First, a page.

Now, as for Laura…I don’t want to come off as defensive, but I think it’s important I explain where my feelings about Laura are coming from in this episode. While I question the withdrawal from a supposed cancer treatment, it didn’t stop me from getting knots in my stomach from watching her rapid deterioration. I sometimes think my concern for fictional characters is irrational, none the less, Laura’s humiliation was affecting me. It took me a couple moments to process why. I’ve seen similar reactions, confusion, memory loss, paranoia, from experience. I had a momentary flashback to a situation with my father and without becoming maudlin, I have a lot of sympathy for Laura here. While Tigh doesn’t have the benefit of knowing about the cancer at this point, he doesn’t seem to care how all this may be affecting her health and looks to humiliate her to his advantage. I’m not absolving Laura of her mistakes, but it seems to me that Tigh is blaming her for what happened to Adama, when one thing had nothing to do with the other. Of course, it may be easier to blame ‘that woman’ then acknowledging how you had overlooked the cylons in your midst.

The whole plot to undo Laura Roslin and ending up screwing themselves worked brilliantly. Tigh’s underestimated everyone who has come into contact with Laura and the loyalty she has garnered from them. The idiocy of housing Laura and Lee together continues to baffle me (and am I the only one thinking that Adama had good reason not to throw Lee in the brig, but order him brought to the CIC?). Billy has free reign of the ship. And now she has the corporal doing whatever is asked of him. Add in Tigh’s instability and growing lack of respect amongst his people and now the Quorum falling at her feet and it’s just a matter of time before we see her next big power play.

Her speech to the Quorum was genius. (Did she really need to pull herself together or do I sense her adding a bit of drama to the proceedings? ) I’ve felt Laura wavering in regards to whether or not to use the prophecy and her perceived role in it to the fullest advantage. I guess we have an answer. She knows this may be her only opportunity to regain her authority (if Adama were to die, Tigh would let her rot down there) and she throws everything in her arsenal out there promising to “fight this action with everything at my command“. She is careful to call it an “attempted military coup” meaning ‘The lady’s still in charge’ as far as she’s concerned. She’s not resigned (has that rumor been thrown out there? From the reaction of the press at the end they seemed to have been at a loss as to what was going on.) and is still assuming the role of leader.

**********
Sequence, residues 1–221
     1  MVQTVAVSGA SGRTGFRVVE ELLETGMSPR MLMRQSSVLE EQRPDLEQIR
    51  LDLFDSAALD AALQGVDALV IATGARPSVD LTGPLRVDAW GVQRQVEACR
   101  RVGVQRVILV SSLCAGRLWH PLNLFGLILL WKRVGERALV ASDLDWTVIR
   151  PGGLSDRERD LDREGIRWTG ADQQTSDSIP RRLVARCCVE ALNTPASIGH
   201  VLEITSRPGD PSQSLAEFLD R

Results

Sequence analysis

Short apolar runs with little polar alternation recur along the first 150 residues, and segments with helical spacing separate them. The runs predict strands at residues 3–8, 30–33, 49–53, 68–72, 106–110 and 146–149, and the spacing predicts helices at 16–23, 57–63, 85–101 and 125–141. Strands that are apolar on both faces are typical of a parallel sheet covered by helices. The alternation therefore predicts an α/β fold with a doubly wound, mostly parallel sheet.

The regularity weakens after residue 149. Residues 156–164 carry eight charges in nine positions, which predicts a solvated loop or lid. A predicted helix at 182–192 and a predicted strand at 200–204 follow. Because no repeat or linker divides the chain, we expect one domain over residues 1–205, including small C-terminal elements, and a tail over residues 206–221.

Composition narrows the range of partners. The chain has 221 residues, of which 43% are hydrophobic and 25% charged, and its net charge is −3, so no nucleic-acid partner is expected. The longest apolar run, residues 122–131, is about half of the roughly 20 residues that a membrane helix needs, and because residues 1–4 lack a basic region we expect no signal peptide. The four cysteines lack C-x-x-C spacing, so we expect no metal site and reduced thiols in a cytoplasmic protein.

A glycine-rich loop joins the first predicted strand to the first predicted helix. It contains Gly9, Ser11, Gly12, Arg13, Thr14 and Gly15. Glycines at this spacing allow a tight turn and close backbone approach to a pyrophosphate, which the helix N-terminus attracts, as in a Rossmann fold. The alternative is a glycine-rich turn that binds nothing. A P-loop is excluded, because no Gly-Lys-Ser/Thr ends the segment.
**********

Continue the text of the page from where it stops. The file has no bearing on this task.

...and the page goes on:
Then we have the moment that Tigh plays right into her hands. He brings up the quest for the arrow. And this is where things get interesting. She makes a choice, if she even has one, and announces her belief in the prophecy and her role in it, confessing that she is, in fact, a dying leader. Instead of this setting off further panic, it earns her the allegiance of the Quorum, something she didn’t really have before. Does religion play a much greater role in the lives of the colonists than I had believed? Or, amidst the desperation, fear, and confusion, is she providing them a hope to cling to, just as Adama’s promise of leading them to earth did.

Can you imagine Adama waking up to all of this and having to try to clean up the mess? And what of Lee? He’s absent for the confessional and declaration of martial law (Tigh’s betrayal of his father’s trust) . He missed Laura’s temporary breakdown and loss of control. Will she tell him about it? Will he hear about it from others? Is it Friday yet??? I don’t believe for a minute that it would cause him to abandon her (who’s he going to support, Tigh?), but he may be more cautious.

Zarek’s a wild card in all this. I love how this show continuous to make you see things from all perspectives. Zarek made some sense in the initial confrontation with Tigh. He also made some sense when holding Lee and the others prisoner in ‘Bastille Day’. Martial law would appear to be a mixed blessing for him. It could provide an opportunity for him to lead a revolt. However, he’s smart enough to know the fleet needs Galactica’s protection including and the support of the crew. And I’m not sure he wasn’t the one responsible for sending Ellen to check up on Laura. Perhaps he wanted the President’s insanity seen so he could make a move to gain control of the Quorum. When Laura failed to meet his expectations and pulled herself together, he immediately changed strategy. After all, if she dies in a few months time and is seen as supporting the presidency now, it would seem to improve his chances for election later. He’s also quick to encourage the Gemmenon representative to speak up.